I don’t know what made me try. Maybe it was wanting to get down to a lower dose of one of my antidepressants. Maybe it was getting a dog–and not just any dog, but a Boxer. A well-behaved one, but they’re so bouncy and really need daily walks to help them behave (a lesson that relates to me, actually). Maybe I just wanted a better view of the ocean.

In any case, I started walking. When we lived in Nova Scotia, it was down a trail that ran beside the ocean. Sometimes with the family, sometimes with the dog, but I did what I could. When we moved to Newfoundland it was up and down the road. Short walks at first, but the more I moved, the more energy I had to do more. Eventually we were going from one end of town to the other.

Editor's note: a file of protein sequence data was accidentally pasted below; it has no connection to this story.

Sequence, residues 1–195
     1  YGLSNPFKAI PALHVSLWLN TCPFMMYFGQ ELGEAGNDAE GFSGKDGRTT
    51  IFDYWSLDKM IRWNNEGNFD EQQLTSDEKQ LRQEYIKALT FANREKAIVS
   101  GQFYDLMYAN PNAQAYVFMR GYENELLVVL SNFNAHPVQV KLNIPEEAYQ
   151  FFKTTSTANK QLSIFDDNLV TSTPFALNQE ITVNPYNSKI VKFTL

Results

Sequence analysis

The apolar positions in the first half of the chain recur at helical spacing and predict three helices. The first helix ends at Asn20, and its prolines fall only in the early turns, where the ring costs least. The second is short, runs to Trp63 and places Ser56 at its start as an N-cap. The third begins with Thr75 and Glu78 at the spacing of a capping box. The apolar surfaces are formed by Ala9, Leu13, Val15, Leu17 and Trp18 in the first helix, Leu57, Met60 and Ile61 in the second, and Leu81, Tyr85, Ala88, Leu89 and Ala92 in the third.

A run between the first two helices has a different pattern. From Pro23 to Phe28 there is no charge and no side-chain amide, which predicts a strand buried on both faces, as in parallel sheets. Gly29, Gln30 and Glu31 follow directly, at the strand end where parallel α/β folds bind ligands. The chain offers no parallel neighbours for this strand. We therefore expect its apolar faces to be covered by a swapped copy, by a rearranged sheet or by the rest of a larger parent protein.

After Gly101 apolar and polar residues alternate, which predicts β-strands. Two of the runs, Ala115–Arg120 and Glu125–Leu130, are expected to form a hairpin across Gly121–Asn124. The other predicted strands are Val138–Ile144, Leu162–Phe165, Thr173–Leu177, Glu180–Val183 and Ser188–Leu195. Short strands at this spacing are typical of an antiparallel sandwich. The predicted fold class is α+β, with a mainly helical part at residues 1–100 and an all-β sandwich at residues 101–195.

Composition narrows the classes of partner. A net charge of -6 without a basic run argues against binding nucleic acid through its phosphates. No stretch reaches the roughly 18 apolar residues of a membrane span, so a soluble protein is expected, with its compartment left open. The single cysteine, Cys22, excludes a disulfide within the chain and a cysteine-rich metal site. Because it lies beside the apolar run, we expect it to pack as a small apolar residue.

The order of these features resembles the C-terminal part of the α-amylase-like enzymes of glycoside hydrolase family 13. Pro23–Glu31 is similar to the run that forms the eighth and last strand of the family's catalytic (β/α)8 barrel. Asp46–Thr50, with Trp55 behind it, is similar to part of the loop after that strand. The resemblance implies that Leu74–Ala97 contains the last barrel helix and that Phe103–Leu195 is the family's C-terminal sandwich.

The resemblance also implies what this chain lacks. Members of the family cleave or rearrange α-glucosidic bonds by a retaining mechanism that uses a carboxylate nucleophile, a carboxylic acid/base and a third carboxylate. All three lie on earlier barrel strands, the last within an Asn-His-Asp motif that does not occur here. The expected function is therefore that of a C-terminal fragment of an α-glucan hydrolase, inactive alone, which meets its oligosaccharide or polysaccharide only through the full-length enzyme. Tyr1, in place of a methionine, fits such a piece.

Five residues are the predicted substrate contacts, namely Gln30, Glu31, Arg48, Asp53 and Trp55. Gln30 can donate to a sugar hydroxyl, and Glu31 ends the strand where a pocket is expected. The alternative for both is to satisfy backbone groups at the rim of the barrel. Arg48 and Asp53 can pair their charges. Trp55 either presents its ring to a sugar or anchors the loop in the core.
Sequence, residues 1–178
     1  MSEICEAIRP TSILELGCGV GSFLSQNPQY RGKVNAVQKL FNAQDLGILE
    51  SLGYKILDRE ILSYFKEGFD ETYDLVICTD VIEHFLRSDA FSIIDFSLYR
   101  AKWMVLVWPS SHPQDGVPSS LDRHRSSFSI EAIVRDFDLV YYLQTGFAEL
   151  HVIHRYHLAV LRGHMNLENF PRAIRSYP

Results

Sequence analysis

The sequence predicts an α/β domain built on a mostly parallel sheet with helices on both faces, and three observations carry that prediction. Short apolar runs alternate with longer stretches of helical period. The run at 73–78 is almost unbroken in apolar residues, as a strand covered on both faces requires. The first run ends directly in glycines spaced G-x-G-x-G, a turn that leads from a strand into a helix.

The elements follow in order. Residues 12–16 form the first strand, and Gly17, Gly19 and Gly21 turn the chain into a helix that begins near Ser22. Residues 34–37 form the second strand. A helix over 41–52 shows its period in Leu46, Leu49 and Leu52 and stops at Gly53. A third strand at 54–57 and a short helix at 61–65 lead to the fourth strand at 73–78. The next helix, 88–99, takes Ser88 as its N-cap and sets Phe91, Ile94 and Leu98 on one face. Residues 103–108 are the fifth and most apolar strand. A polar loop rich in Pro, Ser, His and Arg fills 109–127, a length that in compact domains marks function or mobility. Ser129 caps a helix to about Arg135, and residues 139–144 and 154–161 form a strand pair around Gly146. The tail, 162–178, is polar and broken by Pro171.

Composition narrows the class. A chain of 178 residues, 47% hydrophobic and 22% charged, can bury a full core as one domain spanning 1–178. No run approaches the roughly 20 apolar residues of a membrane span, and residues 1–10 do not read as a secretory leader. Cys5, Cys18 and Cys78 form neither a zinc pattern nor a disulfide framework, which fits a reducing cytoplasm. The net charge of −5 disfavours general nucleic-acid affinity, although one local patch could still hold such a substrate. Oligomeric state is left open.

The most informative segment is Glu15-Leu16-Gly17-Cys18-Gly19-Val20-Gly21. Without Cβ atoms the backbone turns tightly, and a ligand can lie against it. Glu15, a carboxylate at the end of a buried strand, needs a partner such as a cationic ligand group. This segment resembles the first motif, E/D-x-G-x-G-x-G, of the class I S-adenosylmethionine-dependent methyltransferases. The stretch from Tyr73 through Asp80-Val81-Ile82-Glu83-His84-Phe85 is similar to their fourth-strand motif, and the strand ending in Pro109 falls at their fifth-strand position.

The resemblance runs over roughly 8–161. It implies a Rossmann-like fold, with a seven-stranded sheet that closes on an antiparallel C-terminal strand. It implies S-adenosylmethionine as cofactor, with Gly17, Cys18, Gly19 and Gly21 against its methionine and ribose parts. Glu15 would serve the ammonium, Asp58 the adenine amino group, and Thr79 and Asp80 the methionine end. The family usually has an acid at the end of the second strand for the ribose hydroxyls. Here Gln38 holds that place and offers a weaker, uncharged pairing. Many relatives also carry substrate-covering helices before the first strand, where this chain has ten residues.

Not that impressive if you know how small that town was. But it was progress.

And I started feeling better. Not bouncy energetic. Ever. And even when we briefly took up jogging last fall (doing the C25K program), I never once got that endorphin rush that so many fitness types blather on about all the time. Exercise as its own reward has never made sense to me.

But overall, I felt better. We had to stop running over the summer when it got too hot, and I kind of almost missed it.

Walking gives me mental space to let my thoughts wander. It feels good, even if they never go where I want them to (I’m so jealous of those writers who can work out story problems while they’re walking!). And when we were running and reaching goals, it felt good. It gave me a boost that lasted all day. A gold star in the morning that made me feel capable of MORE all day.